The lower middle blue-and-white yarn is the more common Rubbermaid #24 Rayon Finish Mop yarn. The one blue and three white single strands below it are the four strings from which it's made. The upper middle green-and-white yarn is the Rubbermaid Web Foot Microfiber Mop yarn. The four strands above it are its constituents: two fluffy green lines and two thin smooth lines. Although the microfiber yarn is slightly smaller in diameter than the #24 yarn. it's reported to have maginally greater holding capacity and better release properties. The Guinness World Record largest free floating bubble is reported to have been made with a loop consisting of two strands of the #24 yarn on the bottom and a full thickness microfiber yarn for the top line. I made two new tri-sting wands using the microfiber yarn and will test them tomorrow to see how they stack up against the two best wands from previous experiments.


16 February update: This morning's test compared three different wicks for 6-foot tri-string wands: 2-strand lower line with a 4-strand upper line using Rubbermaid #24 mop yarn, 2-strand #24 lower line and full thickness Rubbermaid Web Foot Microfiber upper and finally a 2-strand #24 lower line with four strands of the bulky lines from a Rubbermaid Web Foot mop. Weather conditions were 55-degrees, 24-percent humidity, calm and overcast. The test compared the average length of bubbles made with each wick when drawn to breaking. The first averaged 19 feet, the second 18 feet and the third 21 feet. The following video shows typical results:

Based on these results, from now on I'm going to use the third wick. The other two will be retained and retested after further breaking in to validate these results.


17 February update: Last night I made a new tri-string wand that was 9-feet long on each of the three legs. It had two strands of Rubbermaid #24 mop yarn on the bottom and four of the bulky strands from Rubbermaid Web Foot Microfiber mop yarn braided together on the top. When I tested it this morning I learned that the difficulty of blowing giant soap bubbles increases with the square (or perhaps even the third) power of the size. Using a 6-foot tri-string I could easily pump out 16-foot long soap bubbles. Going up to a 9-foot wand I was lucky to get one out of ever ten attempts. Equally important is that the bubbles from the 9-foot wand weren't that much larger than those from the 6-foot wand. The smaller wand produced longer bubbles, which contracted into bubbles almost as large as the larger wand. Bubbles from the smaller wand also tended to flow in more interesting shapes, close much easier and last longer. When combined with the fact that the smaller wand is more comfortable to use the net result is that the smaller wand is a lot more fun and satisfying. This surprised me because the driving motivation for this page has been to produce the biggest possible soap bubbles.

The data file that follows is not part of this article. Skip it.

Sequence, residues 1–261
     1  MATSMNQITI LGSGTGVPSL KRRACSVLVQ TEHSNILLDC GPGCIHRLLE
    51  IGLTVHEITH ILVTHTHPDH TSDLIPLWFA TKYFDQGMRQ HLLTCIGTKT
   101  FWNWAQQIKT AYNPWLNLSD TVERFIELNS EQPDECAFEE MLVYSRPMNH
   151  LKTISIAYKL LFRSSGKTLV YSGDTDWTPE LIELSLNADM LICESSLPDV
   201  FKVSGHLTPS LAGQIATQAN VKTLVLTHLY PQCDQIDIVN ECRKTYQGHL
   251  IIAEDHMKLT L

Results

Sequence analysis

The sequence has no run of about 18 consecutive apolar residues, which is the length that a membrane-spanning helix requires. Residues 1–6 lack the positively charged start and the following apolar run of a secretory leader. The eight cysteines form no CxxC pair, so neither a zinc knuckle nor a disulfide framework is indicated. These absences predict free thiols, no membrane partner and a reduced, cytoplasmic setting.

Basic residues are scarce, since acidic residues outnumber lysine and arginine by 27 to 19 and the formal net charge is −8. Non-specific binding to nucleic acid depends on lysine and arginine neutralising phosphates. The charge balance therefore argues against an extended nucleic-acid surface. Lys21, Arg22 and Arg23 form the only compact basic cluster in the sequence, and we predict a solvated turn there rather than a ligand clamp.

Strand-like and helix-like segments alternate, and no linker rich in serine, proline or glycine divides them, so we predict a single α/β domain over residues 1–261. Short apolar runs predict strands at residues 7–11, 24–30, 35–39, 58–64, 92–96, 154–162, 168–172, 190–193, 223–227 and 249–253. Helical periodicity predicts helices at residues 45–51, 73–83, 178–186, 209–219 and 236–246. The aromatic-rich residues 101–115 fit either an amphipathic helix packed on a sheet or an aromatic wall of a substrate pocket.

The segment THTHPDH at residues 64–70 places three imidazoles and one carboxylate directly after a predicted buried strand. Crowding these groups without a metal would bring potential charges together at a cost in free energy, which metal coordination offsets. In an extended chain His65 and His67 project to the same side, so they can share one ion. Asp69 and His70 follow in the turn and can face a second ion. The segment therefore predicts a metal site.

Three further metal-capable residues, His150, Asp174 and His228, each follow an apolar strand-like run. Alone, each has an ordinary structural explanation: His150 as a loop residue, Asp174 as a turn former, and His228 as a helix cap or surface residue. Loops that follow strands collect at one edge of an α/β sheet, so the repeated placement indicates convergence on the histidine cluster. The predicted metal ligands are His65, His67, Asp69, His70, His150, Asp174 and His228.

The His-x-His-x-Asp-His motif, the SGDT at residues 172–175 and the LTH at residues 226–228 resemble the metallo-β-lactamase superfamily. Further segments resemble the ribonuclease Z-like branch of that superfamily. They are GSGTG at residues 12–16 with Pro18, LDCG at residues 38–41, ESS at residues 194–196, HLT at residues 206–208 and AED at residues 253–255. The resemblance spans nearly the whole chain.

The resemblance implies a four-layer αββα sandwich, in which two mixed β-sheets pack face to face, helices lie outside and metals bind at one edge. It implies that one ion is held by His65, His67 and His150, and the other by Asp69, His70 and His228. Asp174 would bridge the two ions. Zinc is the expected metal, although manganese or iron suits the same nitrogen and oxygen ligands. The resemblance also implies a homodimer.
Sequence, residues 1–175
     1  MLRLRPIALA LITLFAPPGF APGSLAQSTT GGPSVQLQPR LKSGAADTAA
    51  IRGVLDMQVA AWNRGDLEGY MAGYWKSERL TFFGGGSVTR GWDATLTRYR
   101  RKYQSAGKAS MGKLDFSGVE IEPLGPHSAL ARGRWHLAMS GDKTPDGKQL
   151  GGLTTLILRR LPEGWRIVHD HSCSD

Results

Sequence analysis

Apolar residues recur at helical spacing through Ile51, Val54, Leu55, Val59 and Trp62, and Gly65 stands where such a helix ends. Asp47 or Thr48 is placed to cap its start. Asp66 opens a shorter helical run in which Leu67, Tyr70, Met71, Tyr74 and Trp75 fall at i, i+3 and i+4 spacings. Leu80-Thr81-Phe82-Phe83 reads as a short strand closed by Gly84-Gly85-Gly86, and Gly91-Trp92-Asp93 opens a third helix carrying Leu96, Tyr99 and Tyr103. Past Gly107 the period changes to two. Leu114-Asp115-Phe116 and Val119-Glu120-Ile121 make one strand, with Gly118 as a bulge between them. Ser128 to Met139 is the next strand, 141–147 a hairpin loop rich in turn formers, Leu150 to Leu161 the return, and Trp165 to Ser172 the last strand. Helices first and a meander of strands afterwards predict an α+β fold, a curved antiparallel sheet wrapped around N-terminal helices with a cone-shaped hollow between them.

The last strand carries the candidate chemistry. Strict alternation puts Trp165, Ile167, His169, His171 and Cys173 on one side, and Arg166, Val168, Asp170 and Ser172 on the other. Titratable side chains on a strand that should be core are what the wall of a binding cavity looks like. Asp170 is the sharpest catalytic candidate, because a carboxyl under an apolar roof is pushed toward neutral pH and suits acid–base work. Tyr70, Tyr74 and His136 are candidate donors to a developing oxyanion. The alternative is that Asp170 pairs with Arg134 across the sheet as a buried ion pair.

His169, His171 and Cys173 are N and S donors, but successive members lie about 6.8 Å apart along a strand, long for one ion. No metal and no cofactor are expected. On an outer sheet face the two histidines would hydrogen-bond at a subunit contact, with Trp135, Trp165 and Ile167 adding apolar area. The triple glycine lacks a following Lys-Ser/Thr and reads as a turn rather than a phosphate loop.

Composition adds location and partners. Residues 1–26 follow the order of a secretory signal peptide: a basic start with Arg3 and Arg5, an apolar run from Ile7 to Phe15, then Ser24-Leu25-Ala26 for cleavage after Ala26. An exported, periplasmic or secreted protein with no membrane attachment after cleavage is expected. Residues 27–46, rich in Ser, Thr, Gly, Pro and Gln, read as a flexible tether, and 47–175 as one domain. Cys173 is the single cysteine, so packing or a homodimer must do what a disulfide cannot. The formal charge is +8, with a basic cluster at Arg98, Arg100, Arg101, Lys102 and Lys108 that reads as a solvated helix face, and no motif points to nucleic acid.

I still intend working with the larger wand, but from now on most of my work will involve the smaller one.


20 February update: Many readers may be wondering why I haven't experimented with glycerine while perfecting my bubble juice. The reason is that extensive reading of the forum has convinced me that it would be a waste of time. Multiple experiments have shown that except in the cases of extremely high concentrations, glycerine has no measurable affect on soap bubble longevity or size.


1 March update: While taking still images with the camera set on continuous shooting, I captured the following sequence of a bubble bursting with the initial break clearly visible in the center of the bubble:



April 9 update: After a month of unusually hot, dry, dusty conditions the weather suddenly turned perfect this morning, enabling me to capture the following images:


The sky was brightly overcast. Note how fully the bubble is covered with color because light hits it from almost every angle.



Twelve feet tall from top to bottom.



Sometimes the bubble just won't let go of the wand!



But when it does you can get a free floater like this 10-footer. This isn't even
close to the monster bubbles many people create, but in my low humidity
(20-percent in the morning dropping to 5-percent by afternoon)
it's respectable.


I try for some free floaters!


Going for length!


Going for MORE length!!!


December 2014 Update:

After a long, hot, dry summer the weather finally turned cooler and in mid-December my high desert location actually got a little rain. I decided conditions were good enough to try out the new 16-foot by 24-foot wand against an enlarged 1200 square foot backdrop. The results were mixed. The wind was fitful and blew many of the bubbles out of the camera's frame. The larger wand was also extremely difficult to use. Worst of all, even a backdrop 17-feet high and 60-feet long isn't large enough for these bubbles. Still, I learned enough to make the exercise worth the effort. The following short video shows how the session went:


NEW!!! January 8 2015 update:

This is my second attempt using the large tri-string wand:

By this time visitors may be wondering why I post so many videos, particularly when many aren't great successes. The reason is that this page is a record of my bubble blowing experiments. The videos and notes provide hints for improving both how to blow giant bubbles as well as how to capture them in images and video. For example, in the video above I learned that having a long top string is a waste for videos. The bubbles shown are actually much larger than they appear because the long top string results in bubbles that are twice as wide as they are tall. Because the width isn't visible to the camera it's a waste of bubble juice. Also, the increased square footage of the bubble decreases its stability and therefore longevity. For these reasons the top string will be reduced from 16 feet to 10 feet for the next video. The video also provides clues as to the best location to stand for capturing the entire bubble and the exposure settings that show the bubbles at their best.